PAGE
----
Open Credo

June 23, 2015 | Cloud, DevOps, Terraform Provider

Asynchronous Cloud bootstrapping with Terraform, Cloud-Init & Puppet

Working with OpenCredo clients, I’ve noticed that even if you are one of the few organisations that can boast ‘Infrastructure as Code’, perhaps it’s only true of your VMs, and likely you have ‘bootstrap problems’. What I mean by this, is that you require some cloud-infrastructure to already be in place before your VM automation can go to work.


Angela Kennedy

Asynchronous Cloud bootstrapping with Terraform, Cloud-Init & Puppet

Re-blogged from

How does your organisation deploy cloud environments? Is it completely automated? Is it completely “Infrastructure as Code”?

I’ve seen a lot of AWS (Openstack, Google Compute too ) environments where objects like VPCs, subnets, routing etc. is all put in by hand – or maybe with some static scripts. A little beachhead manually deployed inside your cloud-provider, all before the VMs are spun up and provisioned automagically by your tools.

Wouldn’t it be better if your Cloud networking and associated configuration was deployed at the same time, and dynamically linked to the VMs being provisioned?

Even better – what if scaling out everything across A-Zs, or changing machine types across your estate was just a configuration parameter? How about a second copy of everything for DR or staging?

Zero-to-cloud in one key press.

It’s been possible to do this for a while. A few options include.

  • Amazon Cloud Formation – useful, but locks you in to AWS
  • Fog – very powerful, but tough to use, every Cloud provider interface has it’s own idiosyncrasies. eg. AWS’ eventual consistency!
  • Low level cloud cli tools eg. aws-cli, gcloud-cli – results tend to be very deployment-specific – hard to re-use the scripts for new environments.
  • Proprietary eg. Rightscale


Terraform is the tool I’ve been waiting for for years. It’s only been going a year or so, but has come along leaps and bounds in the last 6 months, and as ever, Hashicorp are very responsive on Github to feature requests, bugs and pull requests.

It has the ability to do complete cloud-infrastructure creation, and through it’s DSL link the various components together programatically.

This definition of useful parts of cloud-infrastructure can be defined as a module, with parameterised inputs – and used again and again in different deployments, in combination with other modules.

Why is this powerful? A full worked example of Terraform using these capabilities would be a set of  blog posts by themselves, but using AWS as an example, let’s look at an overview of what you could do:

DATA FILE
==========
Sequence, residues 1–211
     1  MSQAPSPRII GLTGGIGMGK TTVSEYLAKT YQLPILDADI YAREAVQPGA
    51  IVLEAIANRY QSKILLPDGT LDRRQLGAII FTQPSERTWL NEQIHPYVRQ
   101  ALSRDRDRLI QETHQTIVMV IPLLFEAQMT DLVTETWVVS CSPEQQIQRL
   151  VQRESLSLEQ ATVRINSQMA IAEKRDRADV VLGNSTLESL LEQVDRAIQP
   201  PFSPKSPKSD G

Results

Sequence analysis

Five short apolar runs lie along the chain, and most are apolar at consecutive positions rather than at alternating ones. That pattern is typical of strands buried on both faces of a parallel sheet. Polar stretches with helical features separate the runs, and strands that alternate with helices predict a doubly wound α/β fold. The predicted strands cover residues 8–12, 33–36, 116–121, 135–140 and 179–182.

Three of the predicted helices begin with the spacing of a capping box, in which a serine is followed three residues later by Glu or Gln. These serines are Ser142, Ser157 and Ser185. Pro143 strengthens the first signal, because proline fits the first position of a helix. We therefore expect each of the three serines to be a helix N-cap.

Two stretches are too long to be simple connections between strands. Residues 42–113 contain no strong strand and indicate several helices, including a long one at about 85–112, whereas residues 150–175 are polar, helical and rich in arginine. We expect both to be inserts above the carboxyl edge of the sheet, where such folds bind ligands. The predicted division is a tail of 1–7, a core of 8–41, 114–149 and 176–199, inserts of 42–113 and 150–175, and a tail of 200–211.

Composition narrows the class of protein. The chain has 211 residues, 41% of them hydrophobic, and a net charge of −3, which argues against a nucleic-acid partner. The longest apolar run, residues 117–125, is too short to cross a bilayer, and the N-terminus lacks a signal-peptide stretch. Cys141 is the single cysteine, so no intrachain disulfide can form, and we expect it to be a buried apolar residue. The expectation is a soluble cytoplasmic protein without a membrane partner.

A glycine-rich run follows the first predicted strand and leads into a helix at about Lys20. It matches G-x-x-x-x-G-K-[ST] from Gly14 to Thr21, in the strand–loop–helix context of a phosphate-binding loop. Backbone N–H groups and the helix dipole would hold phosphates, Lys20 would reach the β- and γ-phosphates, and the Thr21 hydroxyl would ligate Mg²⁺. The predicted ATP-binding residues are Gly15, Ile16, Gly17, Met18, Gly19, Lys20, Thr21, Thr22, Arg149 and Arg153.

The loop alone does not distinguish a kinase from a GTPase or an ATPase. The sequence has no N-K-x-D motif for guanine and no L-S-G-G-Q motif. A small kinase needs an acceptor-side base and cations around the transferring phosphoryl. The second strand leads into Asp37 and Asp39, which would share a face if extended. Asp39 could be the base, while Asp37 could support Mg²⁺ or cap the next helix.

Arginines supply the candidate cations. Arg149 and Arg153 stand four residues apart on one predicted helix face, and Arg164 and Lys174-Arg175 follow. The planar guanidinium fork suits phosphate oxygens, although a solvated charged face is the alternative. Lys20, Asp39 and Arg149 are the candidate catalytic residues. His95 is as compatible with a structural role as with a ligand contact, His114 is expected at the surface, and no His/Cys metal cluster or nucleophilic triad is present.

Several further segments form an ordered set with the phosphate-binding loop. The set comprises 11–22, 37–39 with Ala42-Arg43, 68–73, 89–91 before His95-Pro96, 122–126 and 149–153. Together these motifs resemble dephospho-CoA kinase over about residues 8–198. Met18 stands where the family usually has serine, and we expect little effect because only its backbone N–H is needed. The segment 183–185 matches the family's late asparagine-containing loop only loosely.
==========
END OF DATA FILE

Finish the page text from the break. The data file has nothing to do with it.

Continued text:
Management module – Define a VPC, subnet, NAT box, appropriate routing, security groups,  and a Puppetmaster.

Front-end web-server module – Define a tier of 5 front-end webservers in their own subnet – link them dynamically to a public ELB.

Middleware web-server module – Define a tier of 5 messaging brokers and 5 custom middleware servers – link them to an ELB

DB layer module – Define a tier of 5 MongoDB servers

All modules –  Automatically create DNS records for all infrastructure. Consume security groups from the Management module. Parameterise the module input to create this across A-Zs on demand, including sizing and server numbers.

The Terraform code that calls these modules can pass details between them, so for instance an ELB in one module can be made aware of an instance ID created in another module.

Now we have modules that can be sized, re-used and linked-together as appropriate, we can define environments using them. The same provisioning code can be used in Test, Staging and Production – with suitable input parameters.


While Terraform can directly call hooks for provisioning tools, ( eg. Puppet or Chef. ) usually the VMs it creates are in private networks, not accessible from the internet, or the machine running Terraform.

The problem becomes, how to pass data to VMs for use in initial bootstrapping, where you can’t contact the VMs themselves?

Cloud-Init uses Instance Metadata ( a free-form text field associated with a VM), retrieved over a private internal cloud API, to do first-boot configuration. Most cloud providers have this metadata concept, including Openstack and Google Compute.

Examples of templated information passed from Terraform to Cloud-Init via instance metadata:

  1. What’s my hostname ?
  2. Find, format, mount secondary disks.
  3. Where is my config management service?

It’s important to note that Cloud-Init is not a configuration management tool – here it’s merely a thin shim between Terraform and proper configuration management.


Why Puppet?
It’s true there are a few other tools we could substitute here, but the important thing is to have a ‘pull’ based deployment model.

Why is this necessary?
As mentioned before, we cannot directly contact the VMs being spun up in private networks, a pull-based model allows the VMs themselves to pull their configuration when they’re ready.

We could do master-less puppet, with each VM doing a Github checkout of puppet-code, and locally applying it, but this relies on external code repositories, and puts a full copy of secrets on each VM, both are security risks.

Self contained, Fire and Forget

Cloud deployments made using this stack of tools are truly self contained, fire-and-forget.

The only connectivity requirement the provisioning user/service needs is to the Cloud Provider API.

Run Terraform, wait for it to complete in a few minutes – then the asynchronous provisioning takes over as the VMs boot to bring your infrastructure into service.


This blog is written exclusively by the OpenCredo team. We do not accept external contributions.



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